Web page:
The final session of the day was Professor Nick Moore’s presentation Making the Bullets for Others to Fire, which looked at how research can inform policy. He gave a really thorough account of his experiences within the Policy Studies Institute, and great advice about how to understand information policy, not getting too positive too early on, responding to comments and criticism, and planning what you want your research to achieve from the start. It was reassuring to find that the way Nick presented his Information Policy Matrix and described how information is socially important (to understand policies, how to vote and participate) fit in with the way my reading is taking me at the moment. I need to go away and explore the potential ‘gap in the matrix’ in the ‘information and society’ / ‘legislative and regulatory’ box.
Nick raised some really important issues for planning research, including the importance of seeking to inform future policy rather than looking back at policies of the past, and being aware of political agendas in research projects that have been set up by other people/organisations. He also provided a perfect, but difficult to achieve, sign of success:
Express your research aim in one, clear, unambiguous sentence.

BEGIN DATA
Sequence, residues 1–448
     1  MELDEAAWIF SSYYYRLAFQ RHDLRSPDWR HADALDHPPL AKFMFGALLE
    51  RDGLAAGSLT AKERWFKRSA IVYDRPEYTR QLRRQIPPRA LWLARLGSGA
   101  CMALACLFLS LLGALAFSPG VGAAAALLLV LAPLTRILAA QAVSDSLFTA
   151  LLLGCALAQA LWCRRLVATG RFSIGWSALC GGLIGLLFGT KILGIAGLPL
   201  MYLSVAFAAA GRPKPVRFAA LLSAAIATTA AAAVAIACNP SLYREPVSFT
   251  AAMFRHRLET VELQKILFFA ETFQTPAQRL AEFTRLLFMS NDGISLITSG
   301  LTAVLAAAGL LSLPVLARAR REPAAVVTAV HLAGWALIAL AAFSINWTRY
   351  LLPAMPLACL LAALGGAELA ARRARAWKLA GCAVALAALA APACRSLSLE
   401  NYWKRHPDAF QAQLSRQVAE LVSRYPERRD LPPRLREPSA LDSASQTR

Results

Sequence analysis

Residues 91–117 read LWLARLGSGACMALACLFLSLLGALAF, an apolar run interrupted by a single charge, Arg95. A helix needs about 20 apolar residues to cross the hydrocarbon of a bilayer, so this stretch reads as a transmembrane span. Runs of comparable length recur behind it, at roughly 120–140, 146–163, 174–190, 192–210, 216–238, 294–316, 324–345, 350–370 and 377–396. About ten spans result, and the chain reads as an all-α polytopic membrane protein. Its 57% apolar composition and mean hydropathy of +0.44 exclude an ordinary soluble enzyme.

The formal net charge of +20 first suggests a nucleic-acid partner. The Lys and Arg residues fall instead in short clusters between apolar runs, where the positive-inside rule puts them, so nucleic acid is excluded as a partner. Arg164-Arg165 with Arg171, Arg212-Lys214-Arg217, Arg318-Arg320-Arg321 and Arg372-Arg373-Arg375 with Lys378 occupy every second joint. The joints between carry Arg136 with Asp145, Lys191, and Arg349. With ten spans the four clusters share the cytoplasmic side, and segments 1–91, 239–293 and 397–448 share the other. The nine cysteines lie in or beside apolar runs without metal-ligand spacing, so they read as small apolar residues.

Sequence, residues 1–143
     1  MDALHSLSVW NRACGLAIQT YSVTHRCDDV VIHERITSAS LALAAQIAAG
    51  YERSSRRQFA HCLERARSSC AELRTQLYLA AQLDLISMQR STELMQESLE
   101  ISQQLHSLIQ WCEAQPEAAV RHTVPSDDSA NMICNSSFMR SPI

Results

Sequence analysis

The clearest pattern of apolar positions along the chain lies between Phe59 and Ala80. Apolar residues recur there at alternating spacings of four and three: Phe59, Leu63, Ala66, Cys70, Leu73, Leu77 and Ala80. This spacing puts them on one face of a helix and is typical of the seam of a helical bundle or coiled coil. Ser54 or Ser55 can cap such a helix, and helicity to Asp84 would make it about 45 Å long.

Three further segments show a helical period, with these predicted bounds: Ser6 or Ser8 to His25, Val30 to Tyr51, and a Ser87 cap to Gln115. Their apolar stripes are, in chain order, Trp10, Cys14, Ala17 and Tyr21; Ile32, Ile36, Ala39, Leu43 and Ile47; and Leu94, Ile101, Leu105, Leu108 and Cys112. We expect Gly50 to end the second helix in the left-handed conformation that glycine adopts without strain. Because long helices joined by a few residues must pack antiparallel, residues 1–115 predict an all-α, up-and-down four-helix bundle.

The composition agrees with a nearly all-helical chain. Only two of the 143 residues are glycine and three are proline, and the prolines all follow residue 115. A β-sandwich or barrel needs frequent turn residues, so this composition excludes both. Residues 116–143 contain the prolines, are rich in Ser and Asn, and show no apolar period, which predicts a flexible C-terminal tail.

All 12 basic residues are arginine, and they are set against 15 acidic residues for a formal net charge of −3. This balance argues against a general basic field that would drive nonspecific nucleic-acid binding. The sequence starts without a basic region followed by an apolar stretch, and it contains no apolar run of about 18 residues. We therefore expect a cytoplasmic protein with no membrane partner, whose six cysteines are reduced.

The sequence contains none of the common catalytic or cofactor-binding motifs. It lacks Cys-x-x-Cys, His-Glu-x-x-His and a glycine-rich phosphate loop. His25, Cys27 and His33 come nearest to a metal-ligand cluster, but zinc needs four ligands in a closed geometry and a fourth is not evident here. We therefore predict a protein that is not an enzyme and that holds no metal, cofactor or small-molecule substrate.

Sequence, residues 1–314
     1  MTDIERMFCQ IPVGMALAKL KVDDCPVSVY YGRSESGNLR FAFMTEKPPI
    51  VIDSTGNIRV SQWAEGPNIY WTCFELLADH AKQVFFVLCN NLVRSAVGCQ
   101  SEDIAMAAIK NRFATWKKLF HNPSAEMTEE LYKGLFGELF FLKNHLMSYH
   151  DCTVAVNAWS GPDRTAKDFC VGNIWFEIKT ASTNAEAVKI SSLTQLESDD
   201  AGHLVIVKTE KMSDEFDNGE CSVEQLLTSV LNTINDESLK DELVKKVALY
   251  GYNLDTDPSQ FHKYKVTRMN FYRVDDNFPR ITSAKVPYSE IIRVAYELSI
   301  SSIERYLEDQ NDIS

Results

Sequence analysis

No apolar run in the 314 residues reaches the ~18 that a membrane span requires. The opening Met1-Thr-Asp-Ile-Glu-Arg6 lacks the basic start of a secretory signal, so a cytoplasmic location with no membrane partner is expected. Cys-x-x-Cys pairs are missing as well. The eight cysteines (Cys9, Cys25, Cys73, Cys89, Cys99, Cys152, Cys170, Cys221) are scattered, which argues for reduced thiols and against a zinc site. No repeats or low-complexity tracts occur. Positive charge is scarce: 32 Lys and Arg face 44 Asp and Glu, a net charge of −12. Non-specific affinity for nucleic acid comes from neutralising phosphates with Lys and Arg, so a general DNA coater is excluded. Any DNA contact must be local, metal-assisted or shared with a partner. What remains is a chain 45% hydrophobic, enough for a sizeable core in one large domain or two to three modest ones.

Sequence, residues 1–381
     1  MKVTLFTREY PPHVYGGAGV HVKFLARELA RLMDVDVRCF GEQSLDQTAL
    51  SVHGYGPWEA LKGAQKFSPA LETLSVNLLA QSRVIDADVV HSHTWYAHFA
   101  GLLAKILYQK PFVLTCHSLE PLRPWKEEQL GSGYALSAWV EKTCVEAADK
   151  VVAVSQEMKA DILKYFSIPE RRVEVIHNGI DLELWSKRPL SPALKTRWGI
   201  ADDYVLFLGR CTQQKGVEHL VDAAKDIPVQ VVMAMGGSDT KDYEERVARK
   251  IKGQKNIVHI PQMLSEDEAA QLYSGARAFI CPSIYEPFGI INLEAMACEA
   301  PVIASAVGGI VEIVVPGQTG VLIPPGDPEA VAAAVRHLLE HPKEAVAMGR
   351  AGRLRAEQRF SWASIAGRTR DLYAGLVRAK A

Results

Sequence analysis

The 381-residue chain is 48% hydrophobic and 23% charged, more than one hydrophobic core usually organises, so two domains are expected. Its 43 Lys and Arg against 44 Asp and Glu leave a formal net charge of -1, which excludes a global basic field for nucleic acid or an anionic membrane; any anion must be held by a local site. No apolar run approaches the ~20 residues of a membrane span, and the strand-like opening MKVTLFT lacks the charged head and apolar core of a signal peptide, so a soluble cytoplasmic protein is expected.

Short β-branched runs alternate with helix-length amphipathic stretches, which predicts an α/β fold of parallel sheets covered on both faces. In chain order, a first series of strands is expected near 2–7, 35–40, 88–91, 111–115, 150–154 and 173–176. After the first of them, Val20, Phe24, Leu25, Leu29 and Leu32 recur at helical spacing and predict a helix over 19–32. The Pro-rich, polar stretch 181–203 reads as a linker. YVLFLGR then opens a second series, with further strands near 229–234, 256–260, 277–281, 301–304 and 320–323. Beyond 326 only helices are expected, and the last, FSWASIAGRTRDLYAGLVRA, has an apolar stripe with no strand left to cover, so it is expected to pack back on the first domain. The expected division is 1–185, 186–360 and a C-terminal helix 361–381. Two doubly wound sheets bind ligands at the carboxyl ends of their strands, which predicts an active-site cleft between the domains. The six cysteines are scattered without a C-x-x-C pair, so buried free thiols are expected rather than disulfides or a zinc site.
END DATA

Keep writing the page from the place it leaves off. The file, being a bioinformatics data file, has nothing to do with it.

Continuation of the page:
Challenge accepted! I might be some time…
The general lessons were these:
- Critical comment is really important and researchers mustn’t be afraid to do it. There’s no point doing the work if you don’t express your views and provide critical comment. This can be a scary prospect, but in Britain we’re lucky because we have a big enough mass to enable critical comment to be heard. We’re not as huge as the US, for example, so aren’t invisible. We’re also big enough, however, to not damage our entire career by being openly critical in our research findings and publicising them.
- Interest and passion are essential, especially if you want to inform policy. You have to be able to keep going, because it’s not a short term thing and takes time! You need the motivation to keep powering on.
- You need to be able to try to work out what is the next big issue and what will be important in 2, 5, 10 years time. Consider what small issues haven’t yet been addressed.
- However, it’s important that you don’t get too far ahead of the curve and find that nobody’s ready to look at the work you’re doing.
- It’s important to consider role of universities – you need to be in a department that has a reputation and is geared up to informing policy if you want to do that yourself.
- You need to be able to retain your independence in order to be listened to.
- Focus and specialise - pick your area of specialism and become a real expert
- Carry others with you – make use of professional and academic networks
- Pick your allies and find ways of working with them
- Don’t look too far ahead – elected politicians seldom look beyond the next election